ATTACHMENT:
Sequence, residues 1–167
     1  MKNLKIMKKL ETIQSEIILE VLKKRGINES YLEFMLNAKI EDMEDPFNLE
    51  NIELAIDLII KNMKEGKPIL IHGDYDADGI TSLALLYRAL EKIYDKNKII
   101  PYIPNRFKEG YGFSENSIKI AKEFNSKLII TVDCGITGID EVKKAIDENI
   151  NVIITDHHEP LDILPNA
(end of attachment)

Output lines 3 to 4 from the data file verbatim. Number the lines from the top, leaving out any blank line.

    51  NIELAIDLII KNMKEGKPIL IHGDYDADGI TSLALLYRAL EKIYDKNKII
   101  PYIPNRFKEG YGFSENSIKI AKEFNSKLII TVDCGITGID EVKKAIDENI